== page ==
None were more important than Fausto Sozzini, known best by his Latin name Faustus Socinus. Another Italian, he was on the run from the Inquisition when he arrived in Poland via Rumania where he had established warm relations with another group of Brethren. Despite agreeing with the Brethren on almost all major theological points, Socinus refused baptism and was thus never able to either join the sect or wield any official position. But he soon became the trusted advisor to Brethren leaders who appreciated his deep scholarship and integrity. Over the years he became the unofficial chief theologian of the Polish Brethren and moved them from crude anti-Trinitarianism toward positive unitarianism. Later the Jesuits and other enemies would brand the Brethren as Socinians, a label that they rejected as they also objected to being called Anabaptists.
In 1569 Rakow was established as a Brethren community just north east of Krakow.  It quickly became the spiritual and intellectual hub of the spreading community.  Cooperative farms and orchards supported a small school and eventually a print shop.  Within a few years the shop was producing books and tracts on Brethren theology and other topics in Latin.  Intended for instruction locally, the books were of such high quality that they soon began circulating in pietistic and Reform circles throughout Europe. 
When Rakow came under the sponsorship of the Saieninius family at the turn of the century, the school was able to expand into a full college, famous throughout Europe for the quality of its instruction and attracting scholars and students not just from the local Brethren but from many of the “best families in Europe.”  More than 1000 students regularly studied there.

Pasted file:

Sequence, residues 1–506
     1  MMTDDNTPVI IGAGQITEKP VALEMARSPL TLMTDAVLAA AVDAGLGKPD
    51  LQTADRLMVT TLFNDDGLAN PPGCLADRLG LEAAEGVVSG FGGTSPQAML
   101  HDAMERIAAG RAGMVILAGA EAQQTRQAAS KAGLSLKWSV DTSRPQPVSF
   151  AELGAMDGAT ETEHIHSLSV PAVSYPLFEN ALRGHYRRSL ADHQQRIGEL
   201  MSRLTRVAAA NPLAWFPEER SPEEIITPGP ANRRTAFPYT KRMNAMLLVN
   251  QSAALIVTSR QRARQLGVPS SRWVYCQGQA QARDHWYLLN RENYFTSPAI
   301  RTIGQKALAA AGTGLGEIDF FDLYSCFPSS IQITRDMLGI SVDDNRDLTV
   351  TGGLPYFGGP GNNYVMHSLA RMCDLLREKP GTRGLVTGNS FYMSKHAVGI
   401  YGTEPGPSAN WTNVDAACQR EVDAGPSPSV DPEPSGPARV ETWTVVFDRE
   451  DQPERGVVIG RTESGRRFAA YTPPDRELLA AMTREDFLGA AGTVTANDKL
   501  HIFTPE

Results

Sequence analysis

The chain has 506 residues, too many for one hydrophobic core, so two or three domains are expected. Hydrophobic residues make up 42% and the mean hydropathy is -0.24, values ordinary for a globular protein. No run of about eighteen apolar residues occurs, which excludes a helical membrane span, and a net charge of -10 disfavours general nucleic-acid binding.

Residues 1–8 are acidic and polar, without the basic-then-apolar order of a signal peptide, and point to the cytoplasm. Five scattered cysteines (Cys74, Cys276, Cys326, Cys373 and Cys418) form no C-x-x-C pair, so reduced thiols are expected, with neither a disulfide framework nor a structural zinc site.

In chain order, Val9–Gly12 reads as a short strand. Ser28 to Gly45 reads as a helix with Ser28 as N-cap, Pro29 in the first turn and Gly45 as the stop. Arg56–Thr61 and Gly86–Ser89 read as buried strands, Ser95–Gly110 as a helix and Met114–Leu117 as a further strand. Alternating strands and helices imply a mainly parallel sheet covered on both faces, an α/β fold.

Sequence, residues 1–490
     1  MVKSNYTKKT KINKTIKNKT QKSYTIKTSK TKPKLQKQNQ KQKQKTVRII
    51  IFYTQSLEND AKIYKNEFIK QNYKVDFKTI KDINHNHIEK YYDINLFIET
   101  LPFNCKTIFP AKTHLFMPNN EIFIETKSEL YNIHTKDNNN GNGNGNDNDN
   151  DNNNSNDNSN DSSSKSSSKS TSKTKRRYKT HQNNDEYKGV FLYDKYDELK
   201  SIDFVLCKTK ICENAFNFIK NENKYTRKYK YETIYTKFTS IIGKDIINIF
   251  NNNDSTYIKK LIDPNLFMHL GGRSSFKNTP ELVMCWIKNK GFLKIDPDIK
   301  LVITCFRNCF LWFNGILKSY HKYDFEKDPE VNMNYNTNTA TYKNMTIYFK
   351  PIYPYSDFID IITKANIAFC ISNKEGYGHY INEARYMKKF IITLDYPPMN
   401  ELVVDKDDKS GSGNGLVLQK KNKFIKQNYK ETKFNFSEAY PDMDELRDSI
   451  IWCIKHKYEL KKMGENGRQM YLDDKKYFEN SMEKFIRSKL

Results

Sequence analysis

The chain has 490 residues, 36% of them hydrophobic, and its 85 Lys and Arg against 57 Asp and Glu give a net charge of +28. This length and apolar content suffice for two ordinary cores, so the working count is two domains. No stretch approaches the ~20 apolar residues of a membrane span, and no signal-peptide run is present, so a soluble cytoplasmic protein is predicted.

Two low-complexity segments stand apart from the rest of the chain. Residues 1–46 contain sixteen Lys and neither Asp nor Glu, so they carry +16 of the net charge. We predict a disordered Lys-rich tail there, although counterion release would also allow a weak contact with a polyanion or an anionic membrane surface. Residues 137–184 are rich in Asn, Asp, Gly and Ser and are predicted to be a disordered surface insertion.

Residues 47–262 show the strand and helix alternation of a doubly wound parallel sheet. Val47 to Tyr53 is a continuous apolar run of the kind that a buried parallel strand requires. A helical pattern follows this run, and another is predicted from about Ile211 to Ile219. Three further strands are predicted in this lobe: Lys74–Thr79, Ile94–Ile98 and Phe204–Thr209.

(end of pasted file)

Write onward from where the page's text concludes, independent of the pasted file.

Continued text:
An early edition of the Racovian Catechism in Latin and Pollish.  Ciruclated throughout Western Europe despite supression, the book spread unitarian ideas widely.
The press got even busier.  Around 1605 the Racovian Catechism was drawn up by three noted Brethren scholars, Smaltzy, Moscorovy, and Volkel.  This famous book went through many editions, it declared that the “Brethren in Poland and Lithuania…confess One God the Father.”  It was the clearest and frankest exposition of biblically based unitarianism yet made.  The work was especially compelling for its calmness of reasoning and its refrain from attacking the theological views of opponents, unlike the openly contemptuous sarcasm that the martyred Michel Servetus had heaped on opponents in his earlier writing.  The quality of the book made it especially dangerous and it was banned in many places by Catholics, Lutherans, and Calvinists alike.  Mere position of the book was made an offense subject to burning at the stake for heresy by decree of that Defender of the Faith King Henry VII of England.
Despite the growing storms of opposition abroad, the early 17th Century was the glory days of the Polish Brethren.  Many of the nobles and gentry who converted to the faith made a display of living as did Christ by abolishing serfdom on their estates, establishing farming communes, and renouncing the privileges of rank to be part of the Christian community.  Needless to say, this trend alarmed other nobles, even other Reform members.  They threw their lot in with the on-going Jesuit plan to crush the Brethren.
By the 1620’s the Jesuits were appealing to the still largely Catholic class of serfs to turn against the Brethren, whose cooperative communities and orderly farms were far more prosperous than the tiny plots they were allowed to farm for their own families.   Although Poles of all classes had joined the Brethren, many of them were still either immigrants or the descendants of immigrants and many of their leaders had German, rather than Polish names.  The classic politics of resentment and tribalism worked well.  Peasants began to riot against the Brethren and attack their churches and schools.